Body Saved, Not Slammed, Puts Gagne In Baseball
By TOM VINT
AP Sports Writer
OMAHA, Neb. – Notre Dame pitcher J.P. Gagne might be starting a new family tradition, breaking from one that dealt with body slams, not grand slams.
Coming from a family known for playing football and wrestling professionally, he is playing baseball at a school synonymous with college football.
Gagne’s grandfather, Verne, played football and wrestled at the University of Minnesota before beginning a pro wrestling career. His other grandfather, Bob Graiziger, also played football, hockey and baseball at Minnesota.
J.P.’s father, Greg Gagne, played football at Minnesota and Wyoming before his pro wrestling career.
J.P. played several sports in high school but ended up in baseball almost by accident.
“It just turned out that baseball ended up being the best sport for me, and the easiest on my body,” he said.
The Notre Dame closer said he thought about playing football but felt a 6-foot quarterback wouldn’t have much of a chance at Notre Dame with the recruits the Irish had.
“Had baseball not worked out for me, yes, I would definitely have considered it,” he said.
He’s less likely to follow the family in its professional wrestling footsteps, however.
“I was a fan of my dad’s when I was growing up, but other than that, I wasn’t into it,” he said. “I really think the business has changed a lot. In my opinion, it’s just like watching a soap opera.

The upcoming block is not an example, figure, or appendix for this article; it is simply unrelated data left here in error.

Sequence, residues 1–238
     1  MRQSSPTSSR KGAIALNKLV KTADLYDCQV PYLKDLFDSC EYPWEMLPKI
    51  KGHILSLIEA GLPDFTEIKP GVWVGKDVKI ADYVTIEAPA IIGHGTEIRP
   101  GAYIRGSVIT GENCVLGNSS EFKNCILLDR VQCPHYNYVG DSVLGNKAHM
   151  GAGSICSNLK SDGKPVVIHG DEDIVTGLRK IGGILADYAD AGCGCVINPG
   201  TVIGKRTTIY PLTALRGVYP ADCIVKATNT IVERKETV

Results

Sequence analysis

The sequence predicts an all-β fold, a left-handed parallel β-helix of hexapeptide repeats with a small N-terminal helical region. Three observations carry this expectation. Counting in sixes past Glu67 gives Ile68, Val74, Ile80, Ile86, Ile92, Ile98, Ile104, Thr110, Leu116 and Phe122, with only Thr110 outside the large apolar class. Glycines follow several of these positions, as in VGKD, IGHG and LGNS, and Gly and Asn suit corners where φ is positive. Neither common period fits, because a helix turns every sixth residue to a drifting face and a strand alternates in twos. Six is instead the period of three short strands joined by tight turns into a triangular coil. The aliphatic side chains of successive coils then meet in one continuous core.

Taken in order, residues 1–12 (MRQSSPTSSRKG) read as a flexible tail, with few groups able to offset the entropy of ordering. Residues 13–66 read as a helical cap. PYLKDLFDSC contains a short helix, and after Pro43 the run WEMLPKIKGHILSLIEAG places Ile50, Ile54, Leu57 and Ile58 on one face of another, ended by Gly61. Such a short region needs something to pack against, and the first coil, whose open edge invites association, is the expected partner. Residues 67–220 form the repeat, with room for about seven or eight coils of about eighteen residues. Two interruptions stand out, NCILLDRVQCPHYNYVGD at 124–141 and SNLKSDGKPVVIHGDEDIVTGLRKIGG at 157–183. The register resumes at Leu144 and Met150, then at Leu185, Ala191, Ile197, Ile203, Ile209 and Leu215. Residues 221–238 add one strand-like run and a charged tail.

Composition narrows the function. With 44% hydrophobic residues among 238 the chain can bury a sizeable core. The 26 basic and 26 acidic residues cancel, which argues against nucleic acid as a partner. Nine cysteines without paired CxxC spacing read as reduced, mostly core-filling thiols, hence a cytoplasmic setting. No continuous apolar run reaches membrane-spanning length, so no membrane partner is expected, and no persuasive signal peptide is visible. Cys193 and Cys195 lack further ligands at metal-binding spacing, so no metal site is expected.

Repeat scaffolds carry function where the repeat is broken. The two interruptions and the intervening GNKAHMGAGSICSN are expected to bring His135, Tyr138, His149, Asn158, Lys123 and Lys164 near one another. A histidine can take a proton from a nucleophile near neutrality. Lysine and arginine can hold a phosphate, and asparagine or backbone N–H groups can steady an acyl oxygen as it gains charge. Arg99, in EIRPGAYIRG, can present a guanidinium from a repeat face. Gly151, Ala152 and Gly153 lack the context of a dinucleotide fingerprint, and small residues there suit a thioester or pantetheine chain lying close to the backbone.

“My focus has always been on baseball and something a little bit easier on my body,” he said.
DIMENSIONAL STAT: Moving the Rosenblatt Stadium fences back in the power alleys of the outfield apparently has made a difference in the home run totals at the College World Series this year.
A crossing wind blowing in from left field also has helped knock down high fly balls, several times denying players possible homers.
Through eight games this year there were 18 homers, compared with 33 at the same point in the 2001 tournament. Nebraska had a tourney-leading four homers in its two games.
Teams are still hitting well, however, averaging .284 and scoring runs at a combined 12.4 per game.
MOTIVATED GAMECOCK: Forgive South Carolina All-American first baseman Yaron Peters if he takes extra glee in each of his hits, homers or RBIs at the College World Series. He is just offering a little “told-you-so” emphasis for all those West Coast teams that failed to give him a look.
Peters came out of junior college in California with a .350 batting average, 18 home runs and 70 RBIs. But he said none of the West Coast schools even wanted him to walk on to their programs.
South Carolina, however, is very happy Peters was snubbed. The 6-foot-2, 224-pounder set school records for home runs (29), RBIs (94) and total bases (213) this season.
His two-run homer in the ninth ousted Nebraska 10-8 in Sunday’s first CWS elimination game this year.
“None of the schools on the West Coast gave me any respect,” he said. “I was willing to go to any Pac-10 team. I took it personally that I wasn’t recruited by any of those teams.”
YOUTHFUL TECH: Georgia Tech won one of its three games at the College World Series but few people really believed coach Danny Hall would bring this team to Omaha.
The Yellow Jackets had 17 new players and three new assistant coaches. But Hall said his senior leaders led that bunch of youngsters to a school-record 52 wins. Tech’s 1987 team under coach Jim Morris had 51 wins.
CLEMSON-SOUTH CAROLINA: Clemson and South Carolina will meet for a fifth time this season when they face off in Wednesday’s College World Series semifinal.
Clemson won three of the regular-season meetings by scores of 9-7, 11-10 and 4-1. The one South Carolina victory was 8-6 in mid-April with Gamecock freshman Aaron Rawl getting the win.
Rawl also pitched a complete game Tuesday to get South Carolina past Georgia Tech 9-5.